ABSTRACT: Genetic Significance of Textural and Compositional Variations in Hydrothermal Manganese Oxide Deposits of the Mariana Island Arc
Marjorie S. Schulz, James R. Hein
Hydrothermal manganese oxides were recovered in 19 dredges along 1200 km of the active Mariana Island Arc. Two types of deposits occur, (1) Mn-oxide cemented volcaniclastic sediment, and (2) stratabound Mn oxides. Petrographic investigations of polished sections show a variety of textures: colloform, homogeneous and dense, laminated and dense, porous dendritic colloform, and scalloped. Generally, the textures have an internal framework of aligned Mn-oxide crystallites or isotropic Mn oxides, which are commonly intercalated. For example, colloform botryoids are composed of alternating laminae of aligned Mn-oxide crystallites and isotropic Mn oxides.
SEM-EDAX investigation of the polished sections using back-scattered electrons shows that textural differences reflect compositional differences. The laminae of aligned crystallites consistently have a higher mean atomic number, as indicated by higher back-scatter, than the isotropic Mn-oxide laminae. Spectral analysis (EDX) of the aligned crystallites and isotropic Mn-oxide laminae from the same colloform botryoid showed no spectral (elemental) differences for the elements above the atomic number of neon. The compositional difference indicated by backscattered electrons is most likely due to different water and/or oxygen contents with the laminae of aligned crystallites containing less structural water, less absorbed water, or less oxygen. One possible explanation is that areas of al gned crystallites formed under conditions that were more reducing than adjacent isotropic laminae and therefore contain less oxidized manganese. These deposits could form when reduced hydrothermal fluids variably mix with oxygenated pore waters within the sediment pile.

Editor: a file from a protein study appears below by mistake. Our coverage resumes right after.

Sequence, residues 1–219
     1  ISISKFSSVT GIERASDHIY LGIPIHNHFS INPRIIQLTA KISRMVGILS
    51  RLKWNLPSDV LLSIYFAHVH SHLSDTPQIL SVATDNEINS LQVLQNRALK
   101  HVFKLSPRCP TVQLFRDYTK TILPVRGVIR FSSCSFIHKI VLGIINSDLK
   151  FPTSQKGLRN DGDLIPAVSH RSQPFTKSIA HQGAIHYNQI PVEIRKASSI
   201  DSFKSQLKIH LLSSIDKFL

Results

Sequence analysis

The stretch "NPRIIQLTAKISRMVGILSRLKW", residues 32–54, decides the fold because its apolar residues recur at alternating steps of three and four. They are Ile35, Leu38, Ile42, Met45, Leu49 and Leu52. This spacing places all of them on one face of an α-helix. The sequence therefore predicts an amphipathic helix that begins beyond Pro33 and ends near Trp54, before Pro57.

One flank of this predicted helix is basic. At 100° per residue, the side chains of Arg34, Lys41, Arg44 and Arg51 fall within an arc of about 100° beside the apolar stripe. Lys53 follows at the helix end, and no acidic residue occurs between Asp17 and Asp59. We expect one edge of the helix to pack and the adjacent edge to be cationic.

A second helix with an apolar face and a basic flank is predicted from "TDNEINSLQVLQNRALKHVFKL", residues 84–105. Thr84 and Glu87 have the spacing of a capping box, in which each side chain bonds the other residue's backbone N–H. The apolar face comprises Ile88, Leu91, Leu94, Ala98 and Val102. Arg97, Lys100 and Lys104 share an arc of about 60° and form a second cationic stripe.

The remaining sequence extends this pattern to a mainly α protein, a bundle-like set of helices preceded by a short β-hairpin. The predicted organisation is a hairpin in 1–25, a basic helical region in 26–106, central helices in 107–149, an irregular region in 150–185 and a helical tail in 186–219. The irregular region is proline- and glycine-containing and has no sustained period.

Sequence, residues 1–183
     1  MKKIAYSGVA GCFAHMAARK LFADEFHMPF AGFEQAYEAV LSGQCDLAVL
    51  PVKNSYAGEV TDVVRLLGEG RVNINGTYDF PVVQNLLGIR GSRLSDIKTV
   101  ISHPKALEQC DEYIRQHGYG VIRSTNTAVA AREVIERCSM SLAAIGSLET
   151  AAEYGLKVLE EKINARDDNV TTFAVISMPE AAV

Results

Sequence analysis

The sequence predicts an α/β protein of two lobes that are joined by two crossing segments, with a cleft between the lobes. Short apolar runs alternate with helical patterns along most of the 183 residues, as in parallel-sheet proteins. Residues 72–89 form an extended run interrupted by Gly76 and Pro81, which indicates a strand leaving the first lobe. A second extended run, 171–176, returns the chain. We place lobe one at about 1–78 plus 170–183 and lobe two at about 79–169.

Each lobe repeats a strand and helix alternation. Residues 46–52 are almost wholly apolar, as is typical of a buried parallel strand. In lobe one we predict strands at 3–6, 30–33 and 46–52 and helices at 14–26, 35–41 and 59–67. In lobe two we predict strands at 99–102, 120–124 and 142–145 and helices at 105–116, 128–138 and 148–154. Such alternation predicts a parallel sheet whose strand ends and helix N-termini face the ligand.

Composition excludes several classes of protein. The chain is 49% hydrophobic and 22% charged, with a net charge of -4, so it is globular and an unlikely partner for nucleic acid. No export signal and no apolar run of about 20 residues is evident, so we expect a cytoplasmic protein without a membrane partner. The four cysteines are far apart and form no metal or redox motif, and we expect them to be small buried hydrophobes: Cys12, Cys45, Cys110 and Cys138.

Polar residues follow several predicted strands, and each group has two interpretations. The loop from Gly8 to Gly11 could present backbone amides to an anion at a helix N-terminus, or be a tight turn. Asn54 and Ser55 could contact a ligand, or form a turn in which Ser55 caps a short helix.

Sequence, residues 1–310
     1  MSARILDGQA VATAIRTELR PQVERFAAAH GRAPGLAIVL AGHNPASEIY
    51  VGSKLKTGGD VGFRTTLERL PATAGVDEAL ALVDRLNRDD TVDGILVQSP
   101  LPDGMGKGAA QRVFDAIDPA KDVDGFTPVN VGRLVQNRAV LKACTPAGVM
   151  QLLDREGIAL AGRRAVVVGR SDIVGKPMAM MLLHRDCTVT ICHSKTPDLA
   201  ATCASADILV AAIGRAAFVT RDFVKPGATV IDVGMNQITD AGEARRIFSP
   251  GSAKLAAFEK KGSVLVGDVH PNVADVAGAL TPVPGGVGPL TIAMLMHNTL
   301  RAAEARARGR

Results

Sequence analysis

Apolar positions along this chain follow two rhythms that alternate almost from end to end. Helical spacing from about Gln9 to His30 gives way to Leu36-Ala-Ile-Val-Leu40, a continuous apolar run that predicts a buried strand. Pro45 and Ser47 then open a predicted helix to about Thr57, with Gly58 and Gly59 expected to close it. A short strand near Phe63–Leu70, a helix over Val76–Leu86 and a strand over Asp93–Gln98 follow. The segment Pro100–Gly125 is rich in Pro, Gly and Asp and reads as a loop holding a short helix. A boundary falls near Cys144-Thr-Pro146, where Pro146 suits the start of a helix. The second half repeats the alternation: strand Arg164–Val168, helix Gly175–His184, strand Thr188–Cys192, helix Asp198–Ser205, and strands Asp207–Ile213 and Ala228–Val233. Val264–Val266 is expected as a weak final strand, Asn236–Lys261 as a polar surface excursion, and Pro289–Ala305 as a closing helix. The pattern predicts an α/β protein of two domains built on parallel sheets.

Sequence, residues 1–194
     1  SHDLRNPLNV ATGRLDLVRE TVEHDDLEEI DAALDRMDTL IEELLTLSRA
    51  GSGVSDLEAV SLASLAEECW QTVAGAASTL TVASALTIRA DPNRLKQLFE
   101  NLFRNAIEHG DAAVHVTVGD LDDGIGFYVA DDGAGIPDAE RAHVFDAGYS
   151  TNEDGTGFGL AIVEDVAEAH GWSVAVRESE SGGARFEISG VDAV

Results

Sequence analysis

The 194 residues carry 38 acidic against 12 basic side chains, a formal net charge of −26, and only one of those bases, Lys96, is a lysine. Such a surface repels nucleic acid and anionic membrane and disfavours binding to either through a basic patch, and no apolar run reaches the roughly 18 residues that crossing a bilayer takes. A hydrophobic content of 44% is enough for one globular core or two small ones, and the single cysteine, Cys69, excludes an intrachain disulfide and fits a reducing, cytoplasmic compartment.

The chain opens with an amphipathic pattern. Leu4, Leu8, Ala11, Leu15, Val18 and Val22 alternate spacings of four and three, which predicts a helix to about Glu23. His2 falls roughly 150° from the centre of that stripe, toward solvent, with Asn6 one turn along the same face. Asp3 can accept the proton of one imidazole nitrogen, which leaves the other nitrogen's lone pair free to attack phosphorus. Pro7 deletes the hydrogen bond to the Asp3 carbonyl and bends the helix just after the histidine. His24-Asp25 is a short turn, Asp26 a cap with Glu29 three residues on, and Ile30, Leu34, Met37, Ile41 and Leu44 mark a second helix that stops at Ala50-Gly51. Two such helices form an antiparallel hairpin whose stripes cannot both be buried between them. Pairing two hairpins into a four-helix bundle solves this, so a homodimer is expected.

An alternative explanation of the compositional variation is differing water content of the Mn-oxide laminae. Isotropic Mn-oxide laminae with smaller crystallite size has greater surface area, thus greater water content. In either explanation, compositional changes within individual colloform or layered sequences probably reflect waxing and waning hydrothermal events.
AAPG Search and Discovery Article #90097©1990 Fifth Circum-Pacific Energy and Mineral Resources Conference, Honolulu, Hawaii, July 29-August 3, 1990